Well, actually I'm building a model yurt...for a school project for Katie. I so do not like school projects. Can't the teachers/curriculum setters believe that I spend enough quality time with my daughter WITHOUT doing huge school projects with her? Yes, maybe wrestling with her is not helping to expand her mind...but I also fail to see how forcing her to listen to me as I read to her information on shelters around the world is expanding her mind when she is barely listening.
I'm learning a lot, though...and I've already learned a lot as a parent. For example, since this is my second child, I already know the misery of school projects, so THIS time, I chose a project that was at least interesting to me. I had no idea what a yurt was, but through the interesting life of someone I knew fleetingly many years ago (a facebook "friend"), I had heard the word and seen pictures, so I decided to make that our shelter. (Thanks, Craig!) Starting out with something that is interesting to me is a great and wonderful idea I wish I had implemented sooner in my parenting career.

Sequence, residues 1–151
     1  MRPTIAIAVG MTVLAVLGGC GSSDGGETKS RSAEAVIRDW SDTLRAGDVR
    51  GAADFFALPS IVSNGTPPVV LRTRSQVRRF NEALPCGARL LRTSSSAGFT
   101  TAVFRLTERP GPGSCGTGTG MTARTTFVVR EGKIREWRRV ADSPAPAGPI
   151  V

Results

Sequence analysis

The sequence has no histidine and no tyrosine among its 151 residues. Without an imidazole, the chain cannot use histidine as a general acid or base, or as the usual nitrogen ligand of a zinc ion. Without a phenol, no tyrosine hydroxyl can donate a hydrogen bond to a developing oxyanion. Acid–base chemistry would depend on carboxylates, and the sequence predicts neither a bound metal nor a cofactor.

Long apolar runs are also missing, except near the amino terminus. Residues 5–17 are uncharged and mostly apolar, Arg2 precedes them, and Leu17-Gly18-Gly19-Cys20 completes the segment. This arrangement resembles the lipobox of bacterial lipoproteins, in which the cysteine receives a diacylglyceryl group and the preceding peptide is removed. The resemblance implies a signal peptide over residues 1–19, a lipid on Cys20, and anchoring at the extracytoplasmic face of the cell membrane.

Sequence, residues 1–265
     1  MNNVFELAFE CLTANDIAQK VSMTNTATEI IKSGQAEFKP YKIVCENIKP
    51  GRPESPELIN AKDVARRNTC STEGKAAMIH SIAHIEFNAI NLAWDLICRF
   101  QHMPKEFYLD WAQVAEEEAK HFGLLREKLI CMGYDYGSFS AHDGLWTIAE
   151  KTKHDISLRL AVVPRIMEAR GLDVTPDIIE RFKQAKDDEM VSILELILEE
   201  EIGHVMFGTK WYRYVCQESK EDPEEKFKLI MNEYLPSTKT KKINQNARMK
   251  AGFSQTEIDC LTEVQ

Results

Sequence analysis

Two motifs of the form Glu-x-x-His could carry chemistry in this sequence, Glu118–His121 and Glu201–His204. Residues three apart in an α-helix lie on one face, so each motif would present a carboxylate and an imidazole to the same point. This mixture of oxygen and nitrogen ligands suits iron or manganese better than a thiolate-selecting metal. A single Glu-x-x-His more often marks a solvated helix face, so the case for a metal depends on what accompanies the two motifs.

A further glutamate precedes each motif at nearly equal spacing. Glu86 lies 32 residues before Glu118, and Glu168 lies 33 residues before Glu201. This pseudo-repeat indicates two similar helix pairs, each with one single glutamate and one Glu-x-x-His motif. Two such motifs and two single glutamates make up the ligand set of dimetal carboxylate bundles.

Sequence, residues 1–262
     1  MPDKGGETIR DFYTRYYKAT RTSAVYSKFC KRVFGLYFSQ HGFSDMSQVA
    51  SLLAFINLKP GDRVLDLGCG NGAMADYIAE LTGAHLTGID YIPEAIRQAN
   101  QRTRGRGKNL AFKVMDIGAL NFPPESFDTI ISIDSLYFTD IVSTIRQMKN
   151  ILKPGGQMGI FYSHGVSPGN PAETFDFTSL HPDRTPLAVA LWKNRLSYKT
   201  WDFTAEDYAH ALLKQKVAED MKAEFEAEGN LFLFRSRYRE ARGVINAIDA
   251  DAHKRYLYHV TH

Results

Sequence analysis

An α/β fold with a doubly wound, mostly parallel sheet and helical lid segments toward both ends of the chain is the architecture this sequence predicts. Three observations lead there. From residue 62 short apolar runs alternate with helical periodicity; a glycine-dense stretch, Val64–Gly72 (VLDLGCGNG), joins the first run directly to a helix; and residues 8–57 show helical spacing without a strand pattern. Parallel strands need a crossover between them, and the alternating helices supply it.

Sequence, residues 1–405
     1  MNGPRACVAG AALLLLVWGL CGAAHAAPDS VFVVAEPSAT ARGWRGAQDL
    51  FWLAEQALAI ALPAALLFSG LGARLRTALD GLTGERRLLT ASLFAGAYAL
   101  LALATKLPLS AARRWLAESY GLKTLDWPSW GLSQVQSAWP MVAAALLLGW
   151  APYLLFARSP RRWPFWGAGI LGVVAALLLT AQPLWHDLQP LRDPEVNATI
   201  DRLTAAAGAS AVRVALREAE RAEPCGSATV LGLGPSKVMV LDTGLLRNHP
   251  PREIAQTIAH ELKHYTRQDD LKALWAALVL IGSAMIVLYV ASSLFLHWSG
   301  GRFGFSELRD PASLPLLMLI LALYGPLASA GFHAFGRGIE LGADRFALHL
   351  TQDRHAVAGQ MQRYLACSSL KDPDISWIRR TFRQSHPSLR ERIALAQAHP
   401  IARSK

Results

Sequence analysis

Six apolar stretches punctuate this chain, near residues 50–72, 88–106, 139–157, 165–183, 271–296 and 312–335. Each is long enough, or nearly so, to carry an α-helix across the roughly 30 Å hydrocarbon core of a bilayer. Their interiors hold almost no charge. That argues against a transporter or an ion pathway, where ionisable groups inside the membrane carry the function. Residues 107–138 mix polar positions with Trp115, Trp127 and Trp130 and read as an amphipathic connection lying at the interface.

So far, I've read about real-life yurts (used by nomadic people in the grasslands of Mongolia), learned about the climate in Inner Mongolia, discovered that there is a company that sells yurts to people, park systems in the US, and businesses (and now I want one, of course, because I want everything), and have started to build my own model yurt. Oh wait? Is this supposed to be Katie's project?*
*But come ON. I won't send her to school with a model shelter made entirely herself, I'm not that stupid. I know I would only have to deal with her tears when she says it isn't as good as the other model shelters. I'm trying to tell myself it is enough to have her help me assemble the yurt, to have her sit with me as we research yurts, to practice her writing as she writes up the paper on yurts, etc. And putting in these hours of work on my (whoops, Katie's) model yurt is much more palatable to me if I know I'm not going to be dealing with a temper tantrum, or tears (hers or mine) now, this afternoon, or when she comes home after seeing the other kids' model shelters of the world.